This information is then plotted on an X-Y matrix that measures, from low to high, the risk to security of the data (X-axis) and the cost of upgrading (Y-axis). Then the company may prioritize its systems and processes needing conversion or replacement based on where they fall in the matrix. Computer systems, for example, that fall in the “high data security risk, low conversion cost” area of the matrix could be targeted first for compliance validation.


Low Hanging Fruits in the Roadmap for Compliance with 21 CFR Part 11
Based on research by various analysts and consulting firms, one of the low hanging fruits is upgrading quality management systems to become compliant with 21CFR part 11. Such systems provide a core infrastructure for electronic records for SOPs & training/certification, implement strict change control and enable auditable corrective action processes. Hence, these systems are considered quick hits because of their high-risk (high risk of FDA intervention due to direct correlation with cGMP) and lower-cost (relatively lower cost of replacement than a manufacturing system) profile. Quality Management systems should support multi-plant and multi-organization architecture, including any outsourced operations such as clinical trials, R&D or production. Multi-organization architecture enables companies to ensure consistency of practices and processes across the entire internal supply chain leading to a reduction of overall risk of customer-safety. Since existing implementations of quality management systems do not have the architecture to support global operations, enhancements to existing legacy systems is more expensive than implementing a new solution with a global architecture.

Capabilities addressed by Quality Management Systems include:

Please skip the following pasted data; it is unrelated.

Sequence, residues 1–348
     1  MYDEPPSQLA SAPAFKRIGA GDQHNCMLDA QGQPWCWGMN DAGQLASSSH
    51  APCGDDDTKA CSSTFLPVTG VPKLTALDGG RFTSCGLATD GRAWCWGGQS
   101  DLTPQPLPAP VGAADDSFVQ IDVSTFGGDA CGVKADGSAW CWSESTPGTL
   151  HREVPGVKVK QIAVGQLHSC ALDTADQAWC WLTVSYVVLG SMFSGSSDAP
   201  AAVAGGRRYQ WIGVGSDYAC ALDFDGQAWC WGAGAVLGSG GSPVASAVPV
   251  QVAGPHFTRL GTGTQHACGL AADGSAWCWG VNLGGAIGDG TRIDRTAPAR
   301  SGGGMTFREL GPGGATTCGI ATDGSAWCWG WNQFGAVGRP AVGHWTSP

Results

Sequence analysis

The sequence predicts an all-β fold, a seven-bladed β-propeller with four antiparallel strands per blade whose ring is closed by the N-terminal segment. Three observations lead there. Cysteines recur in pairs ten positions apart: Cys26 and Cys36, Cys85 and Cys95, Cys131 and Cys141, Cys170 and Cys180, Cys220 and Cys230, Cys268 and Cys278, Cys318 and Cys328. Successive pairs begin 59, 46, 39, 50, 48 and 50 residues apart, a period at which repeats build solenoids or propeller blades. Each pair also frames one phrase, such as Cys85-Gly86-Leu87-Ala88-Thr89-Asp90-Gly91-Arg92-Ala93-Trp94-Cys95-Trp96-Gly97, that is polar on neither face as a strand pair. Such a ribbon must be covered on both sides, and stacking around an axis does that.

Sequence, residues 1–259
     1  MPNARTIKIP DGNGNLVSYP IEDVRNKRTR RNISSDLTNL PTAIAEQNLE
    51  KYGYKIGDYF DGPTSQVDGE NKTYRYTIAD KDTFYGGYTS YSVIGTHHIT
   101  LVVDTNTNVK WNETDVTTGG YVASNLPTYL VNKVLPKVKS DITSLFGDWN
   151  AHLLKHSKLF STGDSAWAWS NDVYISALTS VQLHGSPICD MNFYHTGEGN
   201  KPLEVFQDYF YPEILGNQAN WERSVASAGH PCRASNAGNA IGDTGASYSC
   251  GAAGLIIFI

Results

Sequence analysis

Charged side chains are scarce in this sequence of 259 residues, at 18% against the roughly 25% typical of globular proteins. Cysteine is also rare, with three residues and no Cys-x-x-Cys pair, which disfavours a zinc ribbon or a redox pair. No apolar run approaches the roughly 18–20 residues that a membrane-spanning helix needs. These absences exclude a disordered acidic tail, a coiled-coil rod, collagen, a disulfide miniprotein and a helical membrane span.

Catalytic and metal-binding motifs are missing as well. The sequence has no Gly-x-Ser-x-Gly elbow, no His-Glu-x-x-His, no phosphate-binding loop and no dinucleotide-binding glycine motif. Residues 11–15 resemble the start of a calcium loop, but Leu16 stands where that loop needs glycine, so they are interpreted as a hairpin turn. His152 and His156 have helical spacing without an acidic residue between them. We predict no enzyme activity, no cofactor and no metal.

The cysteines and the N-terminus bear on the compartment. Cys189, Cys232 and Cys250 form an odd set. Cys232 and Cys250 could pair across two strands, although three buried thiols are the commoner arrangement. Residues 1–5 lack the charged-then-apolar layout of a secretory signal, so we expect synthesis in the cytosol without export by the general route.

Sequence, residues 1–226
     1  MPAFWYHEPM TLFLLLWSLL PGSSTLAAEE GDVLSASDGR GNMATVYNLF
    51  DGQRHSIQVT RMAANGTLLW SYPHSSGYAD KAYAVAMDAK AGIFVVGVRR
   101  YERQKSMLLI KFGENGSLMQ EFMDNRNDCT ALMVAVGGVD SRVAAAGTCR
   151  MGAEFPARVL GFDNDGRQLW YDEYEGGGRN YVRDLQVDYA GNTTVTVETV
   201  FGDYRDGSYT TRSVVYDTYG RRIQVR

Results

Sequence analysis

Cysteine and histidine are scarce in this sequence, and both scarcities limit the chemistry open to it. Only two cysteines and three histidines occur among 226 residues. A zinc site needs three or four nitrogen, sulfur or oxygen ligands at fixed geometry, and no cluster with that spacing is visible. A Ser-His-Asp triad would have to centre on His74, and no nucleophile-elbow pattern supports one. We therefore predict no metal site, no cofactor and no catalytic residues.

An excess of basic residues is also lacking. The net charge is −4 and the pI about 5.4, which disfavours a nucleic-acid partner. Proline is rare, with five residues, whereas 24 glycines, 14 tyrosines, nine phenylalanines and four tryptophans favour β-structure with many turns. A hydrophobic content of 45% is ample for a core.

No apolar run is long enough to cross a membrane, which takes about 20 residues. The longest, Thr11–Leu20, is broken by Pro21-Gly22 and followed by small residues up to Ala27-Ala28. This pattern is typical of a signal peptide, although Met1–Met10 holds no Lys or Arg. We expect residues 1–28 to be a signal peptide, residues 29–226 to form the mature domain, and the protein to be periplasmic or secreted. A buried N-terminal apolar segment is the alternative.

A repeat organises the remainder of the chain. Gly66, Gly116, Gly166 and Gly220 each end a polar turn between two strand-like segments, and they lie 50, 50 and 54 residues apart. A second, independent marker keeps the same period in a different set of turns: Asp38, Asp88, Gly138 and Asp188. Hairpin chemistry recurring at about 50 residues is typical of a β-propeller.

• Document Management and Control (for SOPs)
  • Audit Management
  • Out-of-Specifications/Non-Compliance Tracking
  • Corrective and Preventive Action (CAPA)
  • Change Control
  • Training
  • Equipment Calibrations

Risk from the current systems to support FDA compliance stated that “Information Technology (IT) applications have not been integrated to support end-to-end compliance business processes. This issue will come under increasing regulatory pressure as the FDA targets a top-down, risk-based approach to consumer product safety. Product integrity and consumer safety are still disconnected across product supply and customer-facing processes because IT environments today support prioritized quality applications at local sites. These applications include CAPA, quality monitoring and Laboratory Information Management System (LIMS) applications, complaint management, and adverse event management. No enterprise-wide straw man exists for managing compliance and quality across global operations.”

Leading pharmaceutical, drug discovery and development companies are aggressively investing in quality management systems through initiatives that

  • Establish and monitor companywide quality programs
  • Assure compliance with company and regulatory procedures and guidelines
  • Provide release and approval of all cGMP documentation, including Standard Operating Procedures (SOPs) and batch records
  • Enable auditing of
    • Chemical development, medicinal chemistry, and analytical departments.
    • Manufacturing and packaging facilities
    • Analytical chemistry laboratories
    • Drug formulation facilities
    • Raw material supplier audits
    • Contract testing organization

Risk-based methodology enables companies to create a prioritized roadmap for compliance with 21CFR Part 11, while staying within their budgets. This roadmap allows IT organization to start selecting and implementing new systems such as an enterprise-wide Quality Management System and upgrading existing production systems that create batch records.